Mental health care is a critical aspect of overall healthcare. Mental health care encompasses how individuals think, feel, and behave. Mental illness can affect anyone, and the effects of untreated mental illness extend far beyond the individual. The societal impact of inadequate mental health care is significant.
Each year, the National Alliance on Mental Illness (NAMI) declares May as Mental Health Awareness Month. According to NAMI, “It’s important to measure how common mental illness is, so we can understand its physical, social, and financial impact – and so we can show that no one is alone.” According to NAMI’s fast facts on mental illness, one in five adults and one in six youths aged six through 17 in the United States experience mental illness annually. One in 20 adults experiences serious mental illness every year. NAMI provides these statistics, noting that “These numbers are also powerful tools for raising public awareness, stigma-busting, and advocating for better health care.” Keep reading to learn more about mental health, barriers to treatment, and how Mental Health Awareness Month can make a difference.
Mental Illness in America in 2023
The Centers for Disease Control and Prevention’s National Institute for Occupational Safety and Health (NIOSH) defines mental health as anything that “includes a person’s psychological, emotional, and social well-being and affects how we feel, think, and act.” Mental Health America conducts an annual study that compiles data regarding how mental health affects the country. Like all reports, there is a delay between data collection and publishing of the results. Mental Health America notes that this year’s study uses data collected in 2020, which includes data accumulated during the COVID-19 pandemic.
While the pandemic undoubtedly affected physical and mental health, the study results are consistent with mental health studies for the last several years. Statistically, reports of mental health conditions are rising as access to care becomes more limited and difficult. Mental Health America’s 2023 found that:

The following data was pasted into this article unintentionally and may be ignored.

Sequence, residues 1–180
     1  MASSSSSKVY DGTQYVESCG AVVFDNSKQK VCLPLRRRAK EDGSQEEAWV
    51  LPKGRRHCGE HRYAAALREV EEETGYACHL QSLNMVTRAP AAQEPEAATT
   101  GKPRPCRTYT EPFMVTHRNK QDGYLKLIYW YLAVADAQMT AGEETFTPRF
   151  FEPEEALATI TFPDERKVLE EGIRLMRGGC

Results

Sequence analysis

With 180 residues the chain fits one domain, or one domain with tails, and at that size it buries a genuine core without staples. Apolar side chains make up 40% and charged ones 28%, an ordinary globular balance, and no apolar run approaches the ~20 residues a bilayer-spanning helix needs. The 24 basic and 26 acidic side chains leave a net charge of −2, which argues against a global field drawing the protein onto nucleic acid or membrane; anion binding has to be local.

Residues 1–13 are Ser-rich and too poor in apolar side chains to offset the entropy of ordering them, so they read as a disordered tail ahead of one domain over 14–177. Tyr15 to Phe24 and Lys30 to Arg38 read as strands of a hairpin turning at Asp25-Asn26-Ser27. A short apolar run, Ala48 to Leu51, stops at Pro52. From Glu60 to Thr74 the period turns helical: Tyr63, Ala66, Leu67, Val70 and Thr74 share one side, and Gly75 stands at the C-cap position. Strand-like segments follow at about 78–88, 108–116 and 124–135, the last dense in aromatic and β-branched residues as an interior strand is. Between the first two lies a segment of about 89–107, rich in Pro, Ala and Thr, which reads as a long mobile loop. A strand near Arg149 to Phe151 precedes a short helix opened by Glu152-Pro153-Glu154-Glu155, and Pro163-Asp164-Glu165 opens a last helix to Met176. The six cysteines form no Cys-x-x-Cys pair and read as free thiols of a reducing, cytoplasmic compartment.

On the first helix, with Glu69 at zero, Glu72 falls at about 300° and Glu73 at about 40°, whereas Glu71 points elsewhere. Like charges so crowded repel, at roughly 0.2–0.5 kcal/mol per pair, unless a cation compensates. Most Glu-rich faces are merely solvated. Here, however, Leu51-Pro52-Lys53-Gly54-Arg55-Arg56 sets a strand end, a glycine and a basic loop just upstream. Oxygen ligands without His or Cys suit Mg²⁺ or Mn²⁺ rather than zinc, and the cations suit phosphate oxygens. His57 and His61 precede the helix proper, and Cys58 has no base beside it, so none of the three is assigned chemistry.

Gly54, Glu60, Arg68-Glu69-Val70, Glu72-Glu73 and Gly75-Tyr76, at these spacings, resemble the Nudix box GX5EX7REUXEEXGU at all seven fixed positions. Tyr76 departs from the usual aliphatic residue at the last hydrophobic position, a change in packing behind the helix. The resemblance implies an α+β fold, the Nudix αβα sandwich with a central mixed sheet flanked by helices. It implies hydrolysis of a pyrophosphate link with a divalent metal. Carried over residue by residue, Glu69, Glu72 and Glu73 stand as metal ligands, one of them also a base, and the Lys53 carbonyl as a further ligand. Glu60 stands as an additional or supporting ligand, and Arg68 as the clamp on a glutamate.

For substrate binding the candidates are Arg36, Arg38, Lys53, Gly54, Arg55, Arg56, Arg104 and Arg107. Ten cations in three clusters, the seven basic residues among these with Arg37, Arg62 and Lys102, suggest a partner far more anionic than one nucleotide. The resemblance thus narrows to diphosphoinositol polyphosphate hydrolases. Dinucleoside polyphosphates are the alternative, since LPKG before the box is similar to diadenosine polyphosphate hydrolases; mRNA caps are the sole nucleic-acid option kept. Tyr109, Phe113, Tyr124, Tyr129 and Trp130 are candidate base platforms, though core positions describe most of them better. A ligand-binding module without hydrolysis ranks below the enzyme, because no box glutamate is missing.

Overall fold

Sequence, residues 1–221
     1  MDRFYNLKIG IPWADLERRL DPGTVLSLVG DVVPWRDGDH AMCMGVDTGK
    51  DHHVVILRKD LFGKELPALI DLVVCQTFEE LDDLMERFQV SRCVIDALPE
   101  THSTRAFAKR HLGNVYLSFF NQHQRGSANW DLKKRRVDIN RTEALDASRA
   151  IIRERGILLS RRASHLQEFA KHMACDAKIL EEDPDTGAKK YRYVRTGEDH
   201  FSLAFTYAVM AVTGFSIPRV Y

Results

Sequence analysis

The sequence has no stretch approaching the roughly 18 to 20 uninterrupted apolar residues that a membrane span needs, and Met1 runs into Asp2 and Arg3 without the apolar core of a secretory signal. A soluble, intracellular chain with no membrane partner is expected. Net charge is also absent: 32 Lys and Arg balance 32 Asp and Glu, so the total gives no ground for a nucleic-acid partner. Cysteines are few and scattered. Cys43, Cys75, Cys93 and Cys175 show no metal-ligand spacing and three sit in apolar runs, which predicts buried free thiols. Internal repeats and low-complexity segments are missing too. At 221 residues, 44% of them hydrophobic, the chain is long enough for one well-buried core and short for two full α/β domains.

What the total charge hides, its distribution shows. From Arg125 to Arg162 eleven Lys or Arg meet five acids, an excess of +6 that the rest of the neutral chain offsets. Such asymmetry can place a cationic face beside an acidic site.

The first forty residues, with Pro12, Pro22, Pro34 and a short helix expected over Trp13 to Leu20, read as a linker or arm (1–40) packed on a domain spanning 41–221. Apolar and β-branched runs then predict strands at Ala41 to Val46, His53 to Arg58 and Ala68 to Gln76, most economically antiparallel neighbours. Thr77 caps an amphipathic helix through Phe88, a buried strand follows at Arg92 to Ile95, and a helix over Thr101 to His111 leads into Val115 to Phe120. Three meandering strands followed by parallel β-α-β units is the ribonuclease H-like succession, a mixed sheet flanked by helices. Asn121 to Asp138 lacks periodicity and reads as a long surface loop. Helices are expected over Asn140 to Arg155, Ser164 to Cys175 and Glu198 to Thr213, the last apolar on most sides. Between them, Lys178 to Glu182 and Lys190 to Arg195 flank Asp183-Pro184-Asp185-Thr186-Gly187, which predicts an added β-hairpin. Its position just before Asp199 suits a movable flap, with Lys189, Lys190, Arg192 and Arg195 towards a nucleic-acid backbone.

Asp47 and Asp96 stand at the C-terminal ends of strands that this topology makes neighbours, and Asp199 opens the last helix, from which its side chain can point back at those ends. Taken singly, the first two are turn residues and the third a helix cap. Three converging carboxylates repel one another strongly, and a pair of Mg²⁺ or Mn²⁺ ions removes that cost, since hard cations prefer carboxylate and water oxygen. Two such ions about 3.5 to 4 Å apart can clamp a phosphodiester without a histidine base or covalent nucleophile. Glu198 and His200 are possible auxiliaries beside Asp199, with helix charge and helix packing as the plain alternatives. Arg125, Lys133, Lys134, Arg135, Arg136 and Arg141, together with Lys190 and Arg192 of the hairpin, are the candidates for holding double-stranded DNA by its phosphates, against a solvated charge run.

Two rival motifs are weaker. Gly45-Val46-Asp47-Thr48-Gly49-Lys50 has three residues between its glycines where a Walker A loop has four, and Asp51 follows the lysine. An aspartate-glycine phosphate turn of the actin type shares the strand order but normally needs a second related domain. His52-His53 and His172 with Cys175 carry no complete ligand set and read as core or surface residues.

- 21% of adults in the United States live with at least one mental illness
- Of these adults, 55% with a mental illness have not received any treatment
- 4.8% of adults reported serious suicidal thoughts (roughly 12.1 million adults)
Increased Substance Abuse Disorders
The provider shortage plus barriers with insurance providers have made getting treatment difficult. When adults cannot receive treatment for mental illness, they look for alternative coping mechanisms. Increasingly, adults are turning to drugs and alcohol as coping mechanisms in place of mental health treatment.
Mental Health America’s 2023 study found that nearly 11% of adults reported abusing alcohol, and nearly 7% reported abusing illegal drugs. Untreated substance abuse disorders have contributed to an increase in overdose risk factors. In 2020, more than 93,000 overdose deaths occurred in the United States.
With mental health concerns on the rise, access to care is critical. However, access to care is one of the primary reasons people with mental health care do not seek help. The provider shortage plus barriers with insurance providers have made getting treatment difficult.
Barriers to Treatment
A key factor in reducing the disease burden of mental illness is increasing accessibility to treatment. When people have access to the care they need, they can take a proactive approach to managing their mental health, resulting in a positive impact at both the individual and community levels.